It was so much fun.

Things have shifted inside me, and lest you think “gee, that was quick, in and out!” I think I’ve been deeply depressed for months and only just realized it, finally, when the nonstop crying started. All medications work quickly for me, which is a real treat (especially with antibiotics, hallelujah, and antidepressants). I’ve been able to read more of Parallel Lives, which I heartily recommend. It pulls you in with the first sentence, and paragraph, and a little later the writing feels denser, more Hungarian-translated. Perhaps, though, the difficulty is my temporary inability to focus very well (even my eyes can’t focus! fascinating) but it’s really got something worth sticking with. I can’t explain it well yet, maybe when the rest of the glass gets cleaned I can say it more clearly. I decided I wanted to own a hardback copy because it’s obviously a book that I’ll want to annotate and re-read, so luckily I found a brand new copy from another vendor through Amazon, for $9. With free shipping (since I’m a Prime member). That’s pretty good! When I can get more engaged with the book, I’ll say more but for now, I really recommend it.

Tonight I meet my gang at Pinthouse Pizza for conversation, pizza, and handcrafted beer. I really look forward to seeing them. It helps me enjoy the rest of my time alone, knowing that at some point I’ll be seeing people I can talk to, because you know the forks just don’t talk back. I’ve tried. They’re terrible conversationalists. “How the hell did you get in the refrigerator? What the hell?” I ask. They’ve got nothing.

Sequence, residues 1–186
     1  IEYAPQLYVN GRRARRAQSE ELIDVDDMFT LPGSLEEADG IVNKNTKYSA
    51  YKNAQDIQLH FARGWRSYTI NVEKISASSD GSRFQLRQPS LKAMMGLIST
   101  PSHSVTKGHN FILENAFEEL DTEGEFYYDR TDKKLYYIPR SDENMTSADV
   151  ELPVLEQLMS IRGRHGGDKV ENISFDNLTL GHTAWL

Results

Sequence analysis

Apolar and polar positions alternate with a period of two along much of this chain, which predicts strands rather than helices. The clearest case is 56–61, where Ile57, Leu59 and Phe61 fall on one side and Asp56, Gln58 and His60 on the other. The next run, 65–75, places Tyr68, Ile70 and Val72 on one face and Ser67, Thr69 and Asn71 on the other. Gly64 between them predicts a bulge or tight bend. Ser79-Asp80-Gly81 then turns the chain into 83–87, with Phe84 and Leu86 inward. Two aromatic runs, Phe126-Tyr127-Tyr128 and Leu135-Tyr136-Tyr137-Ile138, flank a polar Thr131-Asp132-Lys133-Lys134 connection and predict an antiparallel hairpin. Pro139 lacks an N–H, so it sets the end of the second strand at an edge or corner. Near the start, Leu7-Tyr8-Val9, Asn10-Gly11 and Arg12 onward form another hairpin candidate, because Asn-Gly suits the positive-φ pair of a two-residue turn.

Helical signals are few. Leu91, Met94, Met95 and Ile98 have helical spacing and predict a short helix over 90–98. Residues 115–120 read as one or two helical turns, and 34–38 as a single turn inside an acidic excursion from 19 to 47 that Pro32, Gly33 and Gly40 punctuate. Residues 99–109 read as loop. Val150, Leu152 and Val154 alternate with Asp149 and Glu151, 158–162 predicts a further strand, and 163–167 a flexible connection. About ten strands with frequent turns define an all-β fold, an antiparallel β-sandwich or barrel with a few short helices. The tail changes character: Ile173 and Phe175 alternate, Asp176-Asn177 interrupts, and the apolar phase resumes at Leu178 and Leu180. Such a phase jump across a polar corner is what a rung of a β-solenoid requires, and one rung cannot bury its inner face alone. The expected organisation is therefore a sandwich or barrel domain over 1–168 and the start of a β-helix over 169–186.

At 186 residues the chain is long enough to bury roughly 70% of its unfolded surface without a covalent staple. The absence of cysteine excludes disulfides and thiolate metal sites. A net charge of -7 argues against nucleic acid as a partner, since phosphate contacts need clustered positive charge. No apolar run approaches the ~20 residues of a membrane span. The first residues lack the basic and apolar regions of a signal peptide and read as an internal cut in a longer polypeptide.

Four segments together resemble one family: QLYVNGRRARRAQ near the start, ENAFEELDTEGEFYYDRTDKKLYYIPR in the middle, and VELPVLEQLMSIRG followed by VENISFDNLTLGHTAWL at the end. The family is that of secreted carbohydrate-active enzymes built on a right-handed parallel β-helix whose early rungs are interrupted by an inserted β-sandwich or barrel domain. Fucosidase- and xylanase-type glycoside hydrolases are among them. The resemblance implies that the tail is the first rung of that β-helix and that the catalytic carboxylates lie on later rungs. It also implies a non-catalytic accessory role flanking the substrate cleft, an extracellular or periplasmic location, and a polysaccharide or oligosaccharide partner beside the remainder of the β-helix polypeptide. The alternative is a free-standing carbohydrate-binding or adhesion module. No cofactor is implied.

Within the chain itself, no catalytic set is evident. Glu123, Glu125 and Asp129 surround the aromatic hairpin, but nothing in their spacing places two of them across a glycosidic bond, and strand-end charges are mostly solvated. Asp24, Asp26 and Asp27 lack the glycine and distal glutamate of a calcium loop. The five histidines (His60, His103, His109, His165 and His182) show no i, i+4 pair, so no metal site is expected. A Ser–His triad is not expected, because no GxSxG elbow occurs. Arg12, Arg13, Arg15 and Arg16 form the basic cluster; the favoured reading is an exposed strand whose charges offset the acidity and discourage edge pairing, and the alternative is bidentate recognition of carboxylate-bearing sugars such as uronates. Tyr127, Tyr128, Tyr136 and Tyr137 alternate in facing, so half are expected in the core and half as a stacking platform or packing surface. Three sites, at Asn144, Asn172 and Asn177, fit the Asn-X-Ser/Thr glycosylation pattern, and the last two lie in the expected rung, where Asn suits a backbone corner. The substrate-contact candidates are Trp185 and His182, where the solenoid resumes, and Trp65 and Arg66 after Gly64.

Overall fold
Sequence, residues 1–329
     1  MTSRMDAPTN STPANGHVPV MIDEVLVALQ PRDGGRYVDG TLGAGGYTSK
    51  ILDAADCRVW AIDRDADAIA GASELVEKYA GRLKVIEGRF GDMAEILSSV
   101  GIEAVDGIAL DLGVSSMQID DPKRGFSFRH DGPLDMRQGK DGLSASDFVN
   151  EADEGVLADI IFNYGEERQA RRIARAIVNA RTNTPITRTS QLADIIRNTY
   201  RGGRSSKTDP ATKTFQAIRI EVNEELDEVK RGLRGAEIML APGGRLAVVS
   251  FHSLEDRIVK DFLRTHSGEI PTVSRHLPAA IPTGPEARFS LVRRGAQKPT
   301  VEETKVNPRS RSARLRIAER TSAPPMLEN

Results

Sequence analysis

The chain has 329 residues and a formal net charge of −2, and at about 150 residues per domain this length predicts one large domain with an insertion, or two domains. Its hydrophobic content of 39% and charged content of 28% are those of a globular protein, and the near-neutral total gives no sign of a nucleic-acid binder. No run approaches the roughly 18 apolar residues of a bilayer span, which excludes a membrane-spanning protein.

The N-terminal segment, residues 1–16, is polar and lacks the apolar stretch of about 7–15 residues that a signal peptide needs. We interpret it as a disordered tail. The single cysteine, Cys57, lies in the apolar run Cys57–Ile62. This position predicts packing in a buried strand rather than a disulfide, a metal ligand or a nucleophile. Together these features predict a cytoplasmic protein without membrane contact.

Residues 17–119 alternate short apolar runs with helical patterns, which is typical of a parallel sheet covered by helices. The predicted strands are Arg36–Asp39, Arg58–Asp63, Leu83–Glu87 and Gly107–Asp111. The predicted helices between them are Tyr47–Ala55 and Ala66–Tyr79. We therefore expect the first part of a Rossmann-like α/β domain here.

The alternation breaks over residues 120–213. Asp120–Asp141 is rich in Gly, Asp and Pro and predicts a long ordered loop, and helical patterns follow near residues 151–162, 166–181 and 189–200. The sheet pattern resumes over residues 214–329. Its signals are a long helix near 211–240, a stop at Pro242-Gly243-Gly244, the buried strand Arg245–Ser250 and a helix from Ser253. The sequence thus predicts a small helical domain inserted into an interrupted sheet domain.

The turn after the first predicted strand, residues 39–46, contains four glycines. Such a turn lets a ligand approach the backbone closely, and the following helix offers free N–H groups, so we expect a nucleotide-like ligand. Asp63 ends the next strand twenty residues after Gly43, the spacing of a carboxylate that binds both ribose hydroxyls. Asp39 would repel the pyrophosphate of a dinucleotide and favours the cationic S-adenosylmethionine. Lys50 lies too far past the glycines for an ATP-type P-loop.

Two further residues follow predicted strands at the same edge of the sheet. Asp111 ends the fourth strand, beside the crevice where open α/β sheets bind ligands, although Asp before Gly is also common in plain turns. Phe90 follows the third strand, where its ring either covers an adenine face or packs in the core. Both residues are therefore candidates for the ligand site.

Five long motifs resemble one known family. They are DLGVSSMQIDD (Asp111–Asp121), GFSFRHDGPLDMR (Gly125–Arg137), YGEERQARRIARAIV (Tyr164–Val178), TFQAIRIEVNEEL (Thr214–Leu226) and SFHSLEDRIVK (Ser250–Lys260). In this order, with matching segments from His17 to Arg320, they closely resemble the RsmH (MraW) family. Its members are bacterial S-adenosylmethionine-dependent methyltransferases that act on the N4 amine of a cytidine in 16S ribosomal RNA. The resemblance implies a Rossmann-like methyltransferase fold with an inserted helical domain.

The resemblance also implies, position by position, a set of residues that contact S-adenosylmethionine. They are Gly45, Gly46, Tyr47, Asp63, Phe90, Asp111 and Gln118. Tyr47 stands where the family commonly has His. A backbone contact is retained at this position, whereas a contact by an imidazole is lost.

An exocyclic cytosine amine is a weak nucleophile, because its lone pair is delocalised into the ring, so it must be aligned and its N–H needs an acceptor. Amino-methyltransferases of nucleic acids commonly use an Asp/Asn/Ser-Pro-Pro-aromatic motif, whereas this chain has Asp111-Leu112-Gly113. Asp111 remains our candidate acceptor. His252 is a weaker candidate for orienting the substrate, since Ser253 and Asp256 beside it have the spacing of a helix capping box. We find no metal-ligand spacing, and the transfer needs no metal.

Partly because the glass bottom boat is starting to gleam; partly because I actually have people to talk to when I want; and partly because, I think, I’ve grieved so intensely for the last three months that perhaps I’ve got it mostly done, I am feeling good in my quiet and peaceful home, on my quiet and peaceful street, in my busy and getting-rich life. Everything in this old world is multiply determined, so there are probably a lot of other factors in this, but I honestly don’t care why. I’m relieved to find some peace, and some happiness, and contentment with the solitude and pleasure with the social stuff. I’ve been a life-long member of the Overthinkers Club, and I’d really love to turn in my card if I could figure out how. Getting older helps, getting relief from depression helps, and learning acceptance helps too, learning that not much is really under my control.

Happy Thursday, everyone. I hope it’s a good day for you, with something wonderful that you don’t expect.

good thing of the day: people. people who need people. are the luckiest people. in the world. and i need y’all, real bad. 🙂